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Body Clock & Arthritis

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Ever wondered why symptoms of Rheumatoid Arthritis are worse in the morning, while Gout flares are more frequent in the evening and Fibromyalgia pain is intense after a sleepless night? Researchers have now identified a pattern and blamed it on disruptions in circadian rhythms – the 24-hour cycles of biologic activity that regulate sleep, immune response and many other functions.

Cortisol is the key

According to Maurizio Cutolo, MD, a professor of rheumatology at the University of Genova in Italy and a leading chrono­biology researcher, levels of cytokines, such as tumor necrosis factor (TNF) and interleukin 6 (IL-6), which play major roles in inflammatory arthritis, rise during the night. Normally, there is a corresponding midnight-to-morning rise in cortisol – a powerful anti-inflammatory produced by the adrenal glands. But people with RA don’t produce enough cortisol to suppress nighttime inflammation, leading to morning pain and stiffness.

And as cytokine production follows a 24-hour daily cycle, increasing in the evening and then falling to near zero by noon, Dr. Cutolo suggests that RA patients take modified-release corticosteroids at bedtime to help fight inflammation when it’s at its highest.

Similar disrupted circadian patterns seem to occur in gout too. A 2014 study in ‘Arthritis & Rheumatology’ found that the risk of gout flares was 2.4 times higher at night and 1.3 times higher in the early evening than during the day. Lead study author Hyon Choi, MD, director of clinical epidemiology at Massachusetts General Hospital in Boston says this may be due to a noon-to-midnight drop in cortisol levels, among other factors. If so, gout medications, like other arthritis drugs, may be more effective when taken at night.

Sleep well to fight pain

Researchers at Stanford University found that in people with fibromyalgia, insomnia and other sleep problems were interfering with normal patterns of waking and sleeping. This disruption in the circadian rhythm lead to reduced cortisol production and increased morning pain. And, they also found that treating sleep problems improved musculoskeletal pain in some, though not all fibromyalgia patients.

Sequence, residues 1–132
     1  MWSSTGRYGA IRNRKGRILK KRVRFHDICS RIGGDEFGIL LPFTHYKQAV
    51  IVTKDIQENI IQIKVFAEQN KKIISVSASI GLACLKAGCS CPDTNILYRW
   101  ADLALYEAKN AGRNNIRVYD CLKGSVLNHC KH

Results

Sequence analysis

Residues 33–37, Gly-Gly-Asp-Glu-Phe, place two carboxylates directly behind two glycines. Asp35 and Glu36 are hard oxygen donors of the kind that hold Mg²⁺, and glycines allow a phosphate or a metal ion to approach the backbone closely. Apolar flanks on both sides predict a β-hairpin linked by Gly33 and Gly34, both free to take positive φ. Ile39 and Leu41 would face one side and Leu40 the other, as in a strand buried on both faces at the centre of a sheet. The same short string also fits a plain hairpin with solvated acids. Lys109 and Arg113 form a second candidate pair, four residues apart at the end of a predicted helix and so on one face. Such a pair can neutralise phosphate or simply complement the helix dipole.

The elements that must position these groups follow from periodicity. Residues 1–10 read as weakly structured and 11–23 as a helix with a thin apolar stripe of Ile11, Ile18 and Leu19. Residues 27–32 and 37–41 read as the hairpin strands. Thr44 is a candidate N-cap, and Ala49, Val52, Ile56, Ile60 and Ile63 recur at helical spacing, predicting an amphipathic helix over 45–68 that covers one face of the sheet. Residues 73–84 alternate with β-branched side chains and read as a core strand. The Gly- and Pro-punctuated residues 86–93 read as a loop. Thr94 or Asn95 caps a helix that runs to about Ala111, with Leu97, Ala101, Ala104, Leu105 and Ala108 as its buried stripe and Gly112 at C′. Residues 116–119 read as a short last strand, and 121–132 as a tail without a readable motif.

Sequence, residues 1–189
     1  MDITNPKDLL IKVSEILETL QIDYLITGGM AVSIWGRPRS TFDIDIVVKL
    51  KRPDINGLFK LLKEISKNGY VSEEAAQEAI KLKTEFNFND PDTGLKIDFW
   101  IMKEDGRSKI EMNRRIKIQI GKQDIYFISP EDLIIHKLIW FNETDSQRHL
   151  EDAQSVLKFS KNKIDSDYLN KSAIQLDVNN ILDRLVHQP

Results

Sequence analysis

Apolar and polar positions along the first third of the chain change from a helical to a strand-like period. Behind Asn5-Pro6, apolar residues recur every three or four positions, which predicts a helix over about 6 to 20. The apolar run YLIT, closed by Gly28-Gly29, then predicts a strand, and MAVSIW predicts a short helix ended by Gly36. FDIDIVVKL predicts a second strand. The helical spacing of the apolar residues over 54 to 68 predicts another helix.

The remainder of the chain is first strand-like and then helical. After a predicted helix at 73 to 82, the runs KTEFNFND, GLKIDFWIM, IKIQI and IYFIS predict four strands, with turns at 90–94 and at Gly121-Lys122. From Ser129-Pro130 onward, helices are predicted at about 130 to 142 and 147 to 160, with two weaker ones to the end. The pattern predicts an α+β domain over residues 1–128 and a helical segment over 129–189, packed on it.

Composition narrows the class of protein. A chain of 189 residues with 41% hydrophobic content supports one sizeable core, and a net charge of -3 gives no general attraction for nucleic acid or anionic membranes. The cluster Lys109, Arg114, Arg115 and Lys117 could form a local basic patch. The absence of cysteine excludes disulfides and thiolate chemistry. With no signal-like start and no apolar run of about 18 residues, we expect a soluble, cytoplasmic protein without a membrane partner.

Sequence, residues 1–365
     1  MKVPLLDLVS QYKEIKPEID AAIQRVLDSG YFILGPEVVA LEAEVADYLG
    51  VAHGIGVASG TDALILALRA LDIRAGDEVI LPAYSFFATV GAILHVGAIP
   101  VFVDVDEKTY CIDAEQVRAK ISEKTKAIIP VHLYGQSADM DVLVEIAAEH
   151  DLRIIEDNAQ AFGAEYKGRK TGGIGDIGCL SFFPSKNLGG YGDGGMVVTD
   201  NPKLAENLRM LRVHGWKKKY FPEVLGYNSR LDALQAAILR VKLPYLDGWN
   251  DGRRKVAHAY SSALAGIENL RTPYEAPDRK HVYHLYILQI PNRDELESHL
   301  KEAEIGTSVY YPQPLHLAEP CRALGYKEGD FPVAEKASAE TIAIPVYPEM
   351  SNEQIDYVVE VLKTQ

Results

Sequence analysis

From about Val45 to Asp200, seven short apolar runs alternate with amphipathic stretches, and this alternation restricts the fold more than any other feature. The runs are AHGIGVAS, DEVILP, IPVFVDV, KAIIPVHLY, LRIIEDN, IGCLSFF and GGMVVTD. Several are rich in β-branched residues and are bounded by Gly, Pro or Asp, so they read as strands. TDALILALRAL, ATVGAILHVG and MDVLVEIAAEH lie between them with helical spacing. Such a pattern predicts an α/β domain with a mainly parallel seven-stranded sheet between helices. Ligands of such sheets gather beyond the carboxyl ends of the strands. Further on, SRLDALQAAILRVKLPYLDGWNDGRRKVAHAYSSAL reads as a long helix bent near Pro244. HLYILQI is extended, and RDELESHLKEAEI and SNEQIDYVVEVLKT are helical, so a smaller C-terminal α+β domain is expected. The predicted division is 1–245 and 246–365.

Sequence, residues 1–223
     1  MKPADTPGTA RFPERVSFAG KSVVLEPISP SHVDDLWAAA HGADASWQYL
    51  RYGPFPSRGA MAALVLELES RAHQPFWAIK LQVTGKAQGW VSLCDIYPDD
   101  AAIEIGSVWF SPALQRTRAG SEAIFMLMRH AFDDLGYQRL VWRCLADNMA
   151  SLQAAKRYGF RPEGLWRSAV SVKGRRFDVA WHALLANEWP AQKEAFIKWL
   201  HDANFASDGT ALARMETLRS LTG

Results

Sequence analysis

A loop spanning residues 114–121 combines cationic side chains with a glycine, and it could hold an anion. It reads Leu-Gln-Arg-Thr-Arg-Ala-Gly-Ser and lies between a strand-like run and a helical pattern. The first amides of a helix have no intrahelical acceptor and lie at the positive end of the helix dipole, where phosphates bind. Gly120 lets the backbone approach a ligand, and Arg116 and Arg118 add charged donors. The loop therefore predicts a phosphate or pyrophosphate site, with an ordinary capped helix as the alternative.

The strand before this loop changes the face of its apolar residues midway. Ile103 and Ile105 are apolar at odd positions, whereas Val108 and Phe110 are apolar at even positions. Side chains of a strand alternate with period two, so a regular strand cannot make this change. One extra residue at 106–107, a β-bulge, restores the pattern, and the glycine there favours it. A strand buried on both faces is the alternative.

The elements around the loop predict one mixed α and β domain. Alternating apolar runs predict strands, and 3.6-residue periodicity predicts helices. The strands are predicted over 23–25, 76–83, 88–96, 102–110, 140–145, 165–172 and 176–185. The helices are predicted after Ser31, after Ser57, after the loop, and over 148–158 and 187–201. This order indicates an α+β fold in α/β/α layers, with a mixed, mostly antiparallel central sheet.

In fact, sleep disorders are common in almost all rheumatic diseases (including osteoarthritis, scleroderma and lupus), and there is likely to be a self-perpetuating cycle in which pain disturbs sleep, leading in turn to increased inflammation and more pain. Experts suggest that treating both sleep problems and pain may improve arthritis symptoms and even the underlying disease process.

#RheumatoidArthritis #JointPain #Osteoarthritis #Gout #Fibromyalgia #Arthritis #Lupus # scleroderma #Cortisol #musculoskeletalpain #Sleep #SleeplessNight

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This web site is run by an Arthritis Specialist based in Dubai, United Arab Emirates. On this site you will find news about the latest in arthritis, information about research results in the field, tips and information and diet and exercise, and much more.

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This web site is run by an Arthritis Specialist based in Dubai, United Arab Emirates. On this site you will find news about the latest in arthritis, information about research results in the field, tips and information and diet and exercise, and much more.

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